Attenuation models for material characterization
Maess, Johannes Thomas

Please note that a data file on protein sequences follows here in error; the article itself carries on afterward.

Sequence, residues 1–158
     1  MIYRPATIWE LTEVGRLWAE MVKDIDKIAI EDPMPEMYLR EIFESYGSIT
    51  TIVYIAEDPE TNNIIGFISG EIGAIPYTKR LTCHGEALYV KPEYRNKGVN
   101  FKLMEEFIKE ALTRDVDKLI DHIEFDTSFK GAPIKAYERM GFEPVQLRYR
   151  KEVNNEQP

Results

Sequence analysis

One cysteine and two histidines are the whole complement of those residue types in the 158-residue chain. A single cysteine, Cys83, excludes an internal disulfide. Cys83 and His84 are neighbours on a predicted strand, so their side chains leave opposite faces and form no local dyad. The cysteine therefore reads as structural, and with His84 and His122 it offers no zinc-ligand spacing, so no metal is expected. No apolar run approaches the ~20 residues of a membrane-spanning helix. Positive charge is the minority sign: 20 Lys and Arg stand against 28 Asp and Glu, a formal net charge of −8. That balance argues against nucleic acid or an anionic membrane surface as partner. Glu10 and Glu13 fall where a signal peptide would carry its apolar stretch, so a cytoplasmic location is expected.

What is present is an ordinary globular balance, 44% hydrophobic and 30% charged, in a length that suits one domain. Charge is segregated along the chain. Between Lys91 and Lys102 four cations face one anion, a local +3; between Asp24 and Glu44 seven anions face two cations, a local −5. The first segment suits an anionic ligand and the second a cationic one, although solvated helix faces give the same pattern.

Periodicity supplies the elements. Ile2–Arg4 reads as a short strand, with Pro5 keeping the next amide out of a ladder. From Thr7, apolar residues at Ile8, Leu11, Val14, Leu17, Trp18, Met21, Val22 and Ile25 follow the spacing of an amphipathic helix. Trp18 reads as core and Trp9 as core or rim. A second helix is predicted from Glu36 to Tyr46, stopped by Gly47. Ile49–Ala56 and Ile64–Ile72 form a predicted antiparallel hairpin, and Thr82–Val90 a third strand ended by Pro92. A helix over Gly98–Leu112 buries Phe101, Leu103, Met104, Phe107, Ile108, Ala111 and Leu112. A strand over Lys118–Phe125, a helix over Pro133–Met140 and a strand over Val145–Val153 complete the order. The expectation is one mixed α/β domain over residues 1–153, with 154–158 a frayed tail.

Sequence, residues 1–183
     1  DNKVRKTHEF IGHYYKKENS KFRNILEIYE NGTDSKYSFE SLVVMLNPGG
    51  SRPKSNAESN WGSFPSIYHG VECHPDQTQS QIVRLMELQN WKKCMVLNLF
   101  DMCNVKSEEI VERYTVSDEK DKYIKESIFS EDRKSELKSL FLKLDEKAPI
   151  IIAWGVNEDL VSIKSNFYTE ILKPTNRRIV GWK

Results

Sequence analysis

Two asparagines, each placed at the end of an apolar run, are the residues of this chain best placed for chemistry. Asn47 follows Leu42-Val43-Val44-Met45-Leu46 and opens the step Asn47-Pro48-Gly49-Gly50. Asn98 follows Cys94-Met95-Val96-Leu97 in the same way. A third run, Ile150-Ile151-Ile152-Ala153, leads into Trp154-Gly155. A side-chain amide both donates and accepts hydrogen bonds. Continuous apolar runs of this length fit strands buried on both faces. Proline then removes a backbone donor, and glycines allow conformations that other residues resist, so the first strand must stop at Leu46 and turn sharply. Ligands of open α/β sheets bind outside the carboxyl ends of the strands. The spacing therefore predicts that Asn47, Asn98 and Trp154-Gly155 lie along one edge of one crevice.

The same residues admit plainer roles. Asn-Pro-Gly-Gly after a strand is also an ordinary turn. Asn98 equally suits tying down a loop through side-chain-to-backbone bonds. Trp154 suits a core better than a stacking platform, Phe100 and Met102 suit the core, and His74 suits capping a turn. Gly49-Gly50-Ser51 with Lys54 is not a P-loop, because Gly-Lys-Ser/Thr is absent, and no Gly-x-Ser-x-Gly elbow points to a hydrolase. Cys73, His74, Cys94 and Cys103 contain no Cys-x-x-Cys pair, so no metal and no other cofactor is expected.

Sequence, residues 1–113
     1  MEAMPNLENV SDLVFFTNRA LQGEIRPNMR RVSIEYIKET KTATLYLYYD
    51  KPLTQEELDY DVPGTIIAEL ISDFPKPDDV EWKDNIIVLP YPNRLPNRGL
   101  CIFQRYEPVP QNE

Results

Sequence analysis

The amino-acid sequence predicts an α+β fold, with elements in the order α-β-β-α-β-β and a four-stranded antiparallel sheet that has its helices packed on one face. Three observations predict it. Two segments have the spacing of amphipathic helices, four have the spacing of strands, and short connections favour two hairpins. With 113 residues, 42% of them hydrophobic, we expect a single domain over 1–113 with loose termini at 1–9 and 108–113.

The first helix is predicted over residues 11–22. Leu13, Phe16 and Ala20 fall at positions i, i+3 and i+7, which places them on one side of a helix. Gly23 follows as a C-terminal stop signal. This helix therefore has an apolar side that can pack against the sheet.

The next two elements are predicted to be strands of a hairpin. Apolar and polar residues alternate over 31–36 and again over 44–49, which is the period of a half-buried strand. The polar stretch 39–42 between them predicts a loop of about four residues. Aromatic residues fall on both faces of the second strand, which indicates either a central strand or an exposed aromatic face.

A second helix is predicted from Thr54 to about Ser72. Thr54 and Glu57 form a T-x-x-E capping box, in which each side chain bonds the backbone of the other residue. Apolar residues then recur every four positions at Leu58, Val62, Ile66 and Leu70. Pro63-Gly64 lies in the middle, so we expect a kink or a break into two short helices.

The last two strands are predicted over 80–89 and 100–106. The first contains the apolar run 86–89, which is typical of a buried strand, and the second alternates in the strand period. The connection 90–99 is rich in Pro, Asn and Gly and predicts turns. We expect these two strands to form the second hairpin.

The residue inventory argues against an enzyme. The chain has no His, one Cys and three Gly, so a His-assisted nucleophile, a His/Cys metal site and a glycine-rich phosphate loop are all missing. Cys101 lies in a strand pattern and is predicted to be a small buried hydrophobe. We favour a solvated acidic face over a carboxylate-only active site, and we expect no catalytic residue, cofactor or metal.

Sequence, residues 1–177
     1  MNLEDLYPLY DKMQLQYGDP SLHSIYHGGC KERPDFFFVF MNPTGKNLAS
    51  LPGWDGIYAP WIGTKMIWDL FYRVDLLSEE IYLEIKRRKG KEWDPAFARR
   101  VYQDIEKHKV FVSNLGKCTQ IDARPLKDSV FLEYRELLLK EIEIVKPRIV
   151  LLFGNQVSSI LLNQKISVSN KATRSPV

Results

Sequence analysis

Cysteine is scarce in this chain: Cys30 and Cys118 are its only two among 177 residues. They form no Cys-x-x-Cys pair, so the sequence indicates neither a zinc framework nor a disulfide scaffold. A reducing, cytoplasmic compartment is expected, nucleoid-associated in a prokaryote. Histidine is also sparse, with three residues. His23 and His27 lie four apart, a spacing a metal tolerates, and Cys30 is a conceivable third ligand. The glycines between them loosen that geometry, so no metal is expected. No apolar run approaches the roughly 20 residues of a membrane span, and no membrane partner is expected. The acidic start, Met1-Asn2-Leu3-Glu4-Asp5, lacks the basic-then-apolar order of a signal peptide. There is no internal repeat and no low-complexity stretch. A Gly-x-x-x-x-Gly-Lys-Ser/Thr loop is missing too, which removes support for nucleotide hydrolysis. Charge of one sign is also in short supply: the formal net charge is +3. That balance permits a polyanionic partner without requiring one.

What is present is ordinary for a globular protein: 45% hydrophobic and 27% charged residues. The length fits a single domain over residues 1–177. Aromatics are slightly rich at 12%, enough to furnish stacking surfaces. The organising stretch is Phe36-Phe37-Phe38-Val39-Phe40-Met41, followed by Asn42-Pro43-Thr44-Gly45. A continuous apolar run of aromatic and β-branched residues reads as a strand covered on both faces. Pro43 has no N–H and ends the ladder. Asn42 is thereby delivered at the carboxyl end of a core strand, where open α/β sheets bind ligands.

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Ultrasonic attenuation is a useful tool in characterizing the damage state of different materials. The attenuation coefficients for the incident longitudinal and transverse waves are both derived from the scattering cross section of the material. Scattering cross section is defined as the ratio of the scattered energy to the incident energy. The incident wave field can be scattered at inclusions, voids and material defects; there is also grain boundary scattering in polycrystalline materials. For accurate material characterization, it is important to distinguish between the different types of scattering and to relate the attenuation to its appropriate source. This study first solves the single scatterer problem using either the Born approximation (for difficult scatterer shapes and for anisotropic scatterers), or the exact solution (in cases where it is necessary to provide an accurate description of the viscoelastic behavior of the surrounding effective medium). Multiple scattering effects are investigated by a differential self-consistent scheme and a self-consistent scheme. Both multiple scattering approaches are applicable for each single scatterer solution. The differential self-consistent scheme describes the scattering cross section dependent on the volume fraction of the scatterers, and is restricted to low volume fractions and materials, where the surrounding material is clearly distinguished from the inclusions. The self-consistent scheme is applicable to high volume fractions of inclusions as well as to polycrystalline materials, where the distinction between surrounding material and inclusions is not possible.